There is a laugh out loud scene in here where Mighty Mouse asks what happens if you fall off a cliff in this world, where the answer is “you die.” Then he asks what happens if you get blown up and so on with the same answer.  It’s good writing.

The art is wonderful as well. It’s nicely composed and it combines all the elements of a great comic. Pick this up. It’s certainly a gem.

RATING: A

 

Curse Words Vol. 1: Devil’s Devil
Written by Charles Soule 
Illustrated by Ryan Browne
Published by Image Comics

I love the writing of Charles Soule when he is not writing for the Big Two. He puts passion into it, and it shows. This book is no different.

It’s whacked out and it’s a hell of a book.

A wizard has appeared in New York City!

Everyone is excited!

He’s going around casting spells and living it up. It turns out this wizard is one of those evil wizards! He’s fooled everyone. The best part is he’s summoned a bunch of evil that is headed this way!

The art is perfectly gonzo as well and fits the writing well. I hadn’t heard of this before I started reading it but I’m glad I got the chance to. It’s a wild ride from the get go and doesn’t let up!

RATING: B+

 

Generation Gone #1  
Written by Ales Kot
Illustrated by Andre Lima Araujo
Published by Image Comics

Ales Kot is another writer who I adore who is very underrated. This book is a nice, emotional tale and he writes it very well. I love the style of it. It’s a story for every kid growing up in the modern era. It’s themes are universal and really dig deep.

The scene is America, 2020. The story is about three young hackers with nothing to lose. They come across a secretive scientist with a plan. This was supposed to be one final job.

What happens when you’re poor, angry, and get superpowers you never asked for?

Kot answers that question and answers it well. The art is wonderful and Araujo may in fact be a breakout talent because of this book. Pick it up. It’s quite excellent.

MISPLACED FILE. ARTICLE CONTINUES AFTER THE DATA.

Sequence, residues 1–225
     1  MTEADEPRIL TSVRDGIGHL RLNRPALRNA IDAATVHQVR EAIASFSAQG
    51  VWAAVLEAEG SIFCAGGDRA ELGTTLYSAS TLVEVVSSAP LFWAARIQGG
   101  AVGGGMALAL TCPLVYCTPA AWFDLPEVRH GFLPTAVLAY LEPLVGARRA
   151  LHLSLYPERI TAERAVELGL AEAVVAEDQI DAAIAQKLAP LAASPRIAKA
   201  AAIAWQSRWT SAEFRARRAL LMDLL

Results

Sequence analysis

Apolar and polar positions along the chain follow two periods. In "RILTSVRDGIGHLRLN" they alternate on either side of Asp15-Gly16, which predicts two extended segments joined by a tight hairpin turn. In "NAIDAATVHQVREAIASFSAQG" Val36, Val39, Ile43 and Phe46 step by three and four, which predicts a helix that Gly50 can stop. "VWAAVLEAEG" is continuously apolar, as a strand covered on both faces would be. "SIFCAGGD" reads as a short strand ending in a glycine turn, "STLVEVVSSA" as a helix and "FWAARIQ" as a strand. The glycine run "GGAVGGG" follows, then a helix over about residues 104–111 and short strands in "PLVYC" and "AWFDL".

RATING: A-

 

Redlands #1   
Written by Jordie Bellaire
Illustrated by Vanesa R. Del Rey
Published by Image Comics

This is a classic case of amazing art and and okay story. Del Rey’s art of a standout here. It’s full of life and a style that is unique and eye popping. It’s wonderful. The story is very basic however.

This is a horror tale involving a town, a coven of witches and the police. The witches are trying to take over the town. The police are trying to stop them. That’s basically the first issue and about how deep it gets.

This could get better. Right now it was a simple story with great art. Maybe the future issues will get deeper. I’ll read it either way, if only for the amazing art.

RATING: B

 

Sisters of Sorrow #1    
Written by Courtney Alameda and Kurt Sutter
Illustrated by Hyeonjin Kim
Published by BOOM! Studios

A lot of fuss has been made over this book as Kurt “Sons of Anarchy” Sutter had a hand in it.

With that pedigree, you would expect something deeper. Sadly, the premiere issue never gets any deeper than just being a comic book about “nuns with guns.”

By day, Dominique, Greta, Misha, and Sarah run a nonprofit women’s shelter. At night, they each don a nun’s habit and move through Los Angeles hunting down violent abusers who have escaped justice. They start getting noticed. They start calling themselves the Sisters of Sorrow.

That’s pretty much the entire first issue.

The art is very good. Kim also may breakout as a star because of this book. This could get more intense and more interesting. I hope it does.

Right now, it’s all surface. A nice looking surface, but a surface nonetheless.

RATING: B